How could I not write about The Staves' latest album, 'Good Woman'? (My obsession with the sisters has been well-documented here.) Their fourth album is less folk-y and more produced, but more personal, than their others. While I miss the acoustic harmonies that made the previous albums so enchanting, I cannot get "Failure" out of my head. Jonah and I bought the vinyl and have been listening to it every night—it's the perfect soundtrack for cozy evenings in from the recent Portland cold spell and snow.

By the way, the queen of mesmerizing movie soundtracks herself (and my number one played artist every year since 2006—not an exaggeration) Rachel Portman has graced us with another perfectly calming album, 'Ask the River.' Okay, technically it came out in May but I'm her #1 Super Fan and only just stumbled across it on Spotify—sharing it in case you missed it too! It's like her best soundtracks, without the random interruption of a Spanish guitar because Vianne's making chocolate again.


"The Test Kitchen," from Reply All and Sruthi Pinnamaneni, dives into Bon Appetit's 2020 reckoning as a racist and toxic workplace—a toxicity I had only heard whispers of when I worked in food, but was clearly more pervasive and damaging than I could have imagined. In the first episode, Pinnamaneni interviews test kitchen chefs like Yewande Komolafe, Sue Li, and Rick Martinez who were contemporaries of Alison Roman and Claire Saffitz but never treated with the same favoritism. It reveals the broken foundation of the brand—when EIC Adam Rapoport was promoted from GQ, he staffed the entire magazine with white editors—and how the decisions made by the white leadership sent lasting shockwaves through the company and the people of color who worked there.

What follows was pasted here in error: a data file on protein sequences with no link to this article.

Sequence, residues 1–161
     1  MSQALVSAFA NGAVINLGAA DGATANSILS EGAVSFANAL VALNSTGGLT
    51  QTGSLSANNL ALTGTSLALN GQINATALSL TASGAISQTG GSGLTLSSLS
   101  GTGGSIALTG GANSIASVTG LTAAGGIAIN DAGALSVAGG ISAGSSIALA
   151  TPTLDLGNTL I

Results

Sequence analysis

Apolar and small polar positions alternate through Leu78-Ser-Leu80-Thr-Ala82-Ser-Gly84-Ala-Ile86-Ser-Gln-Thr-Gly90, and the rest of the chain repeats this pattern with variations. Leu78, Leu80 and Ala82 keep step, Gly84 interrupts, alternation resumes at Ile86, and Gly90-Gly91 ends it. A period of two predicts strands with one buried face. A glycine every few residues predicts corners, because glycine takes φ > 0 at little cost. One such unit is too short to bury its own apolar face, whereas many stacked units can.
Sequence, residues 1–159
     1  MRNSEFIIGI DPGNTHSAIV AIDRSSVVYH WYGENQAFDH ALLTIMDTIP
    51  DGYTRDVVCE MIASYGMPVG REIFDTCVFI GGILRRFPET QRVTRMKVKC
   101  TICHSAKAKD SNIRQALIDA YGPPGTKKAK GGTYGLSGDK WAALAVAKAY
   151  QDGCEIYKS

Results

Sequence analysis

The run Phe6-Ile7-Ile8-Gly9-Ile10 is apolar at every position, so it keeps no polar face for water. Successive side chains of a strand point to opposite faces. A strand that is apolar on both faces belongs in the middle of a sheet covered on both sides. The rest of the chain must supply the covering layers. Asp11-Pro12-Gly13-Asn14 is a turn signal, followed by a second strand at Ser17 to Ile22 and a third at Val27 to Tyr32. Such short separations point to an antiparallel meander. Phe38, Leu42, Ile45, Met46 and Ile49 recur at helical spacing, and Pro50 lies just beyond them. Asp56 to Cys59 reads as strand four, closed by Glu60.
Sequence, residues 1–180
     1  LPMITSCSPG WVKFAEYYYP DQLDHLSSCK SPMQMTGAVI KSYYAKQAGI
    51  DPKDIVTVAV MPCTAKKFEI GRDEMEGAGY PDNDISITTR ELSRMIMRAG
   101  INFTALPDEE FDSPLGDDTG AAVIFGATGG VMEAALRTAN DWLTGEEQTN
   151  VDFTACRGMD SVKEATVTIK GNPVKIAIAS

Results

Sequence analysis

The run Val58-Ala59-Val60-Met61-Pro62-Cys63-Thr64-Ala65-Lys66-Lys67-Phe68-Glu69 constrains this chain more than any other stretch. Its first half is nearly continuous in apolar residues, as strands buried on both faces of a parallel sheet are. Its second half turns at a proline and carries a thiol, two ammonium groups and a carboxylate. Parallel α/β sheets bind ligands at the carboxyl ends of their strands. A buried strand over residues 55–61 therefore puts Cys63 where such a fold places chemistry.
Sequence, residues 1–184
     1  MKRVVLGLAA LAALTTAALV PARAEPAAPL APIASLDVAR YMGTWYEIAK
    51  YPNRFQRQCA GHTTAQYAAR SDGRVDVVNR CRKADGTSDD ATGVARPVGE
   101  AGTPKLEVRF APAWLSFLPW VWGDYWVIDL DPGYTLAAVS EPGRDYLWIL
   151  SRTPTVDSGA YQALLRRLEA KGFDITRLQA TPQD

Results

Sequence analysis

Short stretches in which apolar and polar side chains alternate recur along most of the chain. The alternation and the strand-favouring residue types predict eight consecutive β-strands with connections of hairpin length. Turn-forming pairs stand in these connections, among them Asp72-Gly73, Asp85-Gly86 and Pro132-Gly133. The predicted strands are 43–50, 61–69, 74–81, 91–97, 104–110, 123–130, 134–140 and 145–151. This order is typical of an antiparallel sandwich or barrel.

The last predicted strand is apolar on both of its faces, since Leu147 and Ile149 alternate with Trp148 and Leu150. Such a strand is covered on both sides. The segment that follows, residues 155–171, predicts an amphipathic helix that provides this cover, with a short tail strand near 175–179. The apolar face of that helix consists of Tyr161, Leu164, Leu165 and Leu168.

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It turns out everyone, and literally their mothers, loves this show—and I'm among the last person on Earth to hear about it. For the two other people reading this who have never heard of Chip and Joanna Gaines: This is the wholesome, feel-good show you need right now, that might even inspire you to improve your own space. Chip and Joanna help a family purchase and update a "fixer upper" in a neighborhood they normally wouldn't be able to afford. Chip's plucky irreverence and obsession with "demo day" and Joanna's visions are so satisfying to see take shape. You can watch the first four seasons on Hulu, and the newest season (after a three-year break) on Discovery Plus, once you've talked yourself into adding yet another streaming service (I haven't yet, but I'm sure we'll get there!). 

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1. The Manhattan Shorts festival is online this year—you can buy a ticket here!

2. Sharing Uyghur cuisine in America is a matter of survival. (Don't miss the selection of Uyghur restaurants in the U.S., at the end of the article.)

3. How to create a DIY Zine, and the important history zines have played in grassroots political activism (by Ida Yalzadeh).

4. This new National Park in West Virginia looks stunning. Can't wait to visit it!

5. A beautiful essay on mental health (and jellyfish) by writer Nina Li Coomes.

6. I remember when this "fancy tower for billionaires" was being built... turns out to be not so fancy. (And here's the full NYTimes article "The Cut" is quoting from, for those interested, written by Stefanos Chen.)

7. I love this short story by Lauren Groff, a writer I've long-admired. (Trigger warning: It discusses physical abuse.)

8. Our contributor, Jazmine Reed-Clark, is launching a new podcast about destigmatizing mental illness!